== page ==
The year was 1999. I was 16 years old and in the 11th grade. And for the majority of Indian kids who had stumbled into the Science stream like me, this also meant the year that our parents would impose the dreaded entrance coaching classes upon us.
One name reigned supreme in Kerala’s entrance coaching world – P.C.Thomas. You had either heard of him or worse, experienced his classes.
I was unlucky enough to check off both of those boxes.
Every Onam and Christmas holidays, I was packed off for his Vacation Batch classes. The name itself was a contradiction. It was anything BUT a vacation. And till this day, if you ask me whether I would brave through potty training a stubborn toddler or go through another entrance coaching class, I’d ask, where’s the toddler, lets get this party started!
The only good thing about these vacation classes was that my sister and I emerged temporarily thinner. A combination of starvation, sleep deprivation and upset bowels from exam tension did that to us. Which when you’re 16, and Christina Aguilera was Genie’ing all over TV, was a mighty advantage.
To understand how I ended up one fine day, crying inconsolably before a priest, I need to explain a little more about the entire PC experience.
Firstly the hostel run by Catholic nuns.
Growing children needed food for energy to study hard. And the nuns understood this. They provided food alright. Quantity wise the nuns were plentiful. Quality wise not so much.
Plenty of water in the weak tea we were served in the morning to wake up our weakened spirits.
Plenty of plain rice to eat. If you could stomach whatever vile concoction of a curry it was served with.
Bread with ‘goop’ was a breakfast staple. I think the goop had yam in it but my PTSD prevents me from remembering the exact contents. And this might be a good thing.
Then came the classes. Which weren’t actually that bad. Except there was a lot of problems to solve. Most of which you would never utilise in real life as I had suspected even back then. But the professors (all transported right out of the 1800s) had a way of making you feel that if you didn’t know your sin’s and cos’s you were destined for eternal damnation.
Then the sleep deprivation. This is key. Sleeping was frowned upon. I remember going to bed like a zombie at 2 am and waking up 5 am everyday. True story.
If the lack of sleep didn’t kill you, the loneliness did. They turned us kids against each other. All around me I saw children cowering behind their books, each regarding each other with suspicion. Anyone who got a better rank than you obviously was only going to upset your perfect college placement. Extreme competitiveness was encouraged.
And if you were Catholic like me, you won the jackpot of this entire saga which was waking up at 5 am for daily mass.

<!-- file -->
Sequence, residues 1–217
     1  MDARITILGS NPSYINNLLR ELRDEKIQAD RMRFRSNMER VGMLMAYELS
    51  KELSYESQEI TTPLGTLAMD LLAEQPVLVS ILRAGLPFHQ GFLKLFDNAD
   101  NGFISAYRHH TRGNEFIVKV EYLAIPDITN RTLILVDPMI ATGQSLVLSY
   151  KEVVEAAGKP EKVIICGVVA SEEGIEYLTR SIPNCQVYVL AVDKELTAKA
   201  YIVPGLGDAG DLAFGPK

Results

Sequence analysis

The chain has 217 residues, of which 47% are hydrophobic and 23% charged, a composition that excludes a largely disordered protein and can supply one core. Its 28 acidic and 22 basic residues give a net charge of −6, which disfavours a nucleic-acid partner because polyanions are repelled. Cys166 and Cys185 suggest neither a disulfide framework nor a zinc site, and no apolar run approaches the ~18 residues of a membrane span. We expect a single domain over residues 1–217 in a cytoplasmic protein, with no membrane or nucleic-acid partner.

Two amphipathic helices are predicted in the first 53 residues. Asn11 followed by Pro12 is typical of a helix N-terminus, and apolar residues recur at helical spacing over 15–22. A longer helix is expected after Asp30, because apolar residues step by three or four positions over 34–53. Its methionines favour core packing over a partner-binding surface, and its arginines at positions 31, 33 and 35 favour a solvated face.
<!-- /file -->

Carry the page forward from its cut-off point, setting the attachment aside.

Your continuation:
Every morning I woke up bleary eyed and looked at the non Christians sleeping soundly and I hated them with as much passion as my sleepy heart could muster.
On one such grey morning, I headed out to the chapel. That day we had yet another mock exam to conquer. I had spent a long night poring over sample questions. And all the multiple choice answers danced before my eyes, A, B, C, D, none of the above….arrghhh!
And I sort of lost it. I remember kneeling down for mass with this nylon dupatta on my head which thankfully served a shield for the water works which were going to ensue.
The tears started at the corners of my eyes. I blinked hard, trying to stop them. But by the time the priest had finished his sermon, the tears were streaming down my face. I couldn’t stop them. I was so tired, so scared about the exam.
I looked at those around me and noticed that everyone was just as lost as I was. No one glanced in my direction.
After mass we queued for confession. The line inched forward slowly and I wept quietly into my dupatta.
Finally it was my turn at the confessional box.
So here I was kneeling before the screen, behind which, sat the priest. All the time, the tears kept pouring down my face.
I tried to start speaking. Hoping my voice wouldn’t fail me. But it did. Words started to fall out in hiccups and sobs. My entire story came out as one big confession. I told him how scared I was that I wouldn’t get a good enough rank. How my parents would be disappointed in me. How I got tensed seeing all the other children studying so hard.
And he listened. I couldn’t see his face but I could see he was listening. I half expected him to call two nuns who would drag me off to a prison for those who dared to speak a negative word about the place.
But he didn’t do that. He nodded. He waited for me to finish what I had to say.
An then he asked me something, which I’ll never forget….
Author’s note : If you’ve read this far, take a break. Go grab a cuppa and come back. This is where this purely autobiographical misery memoir finally gets a dash of hope! Read here for the second part.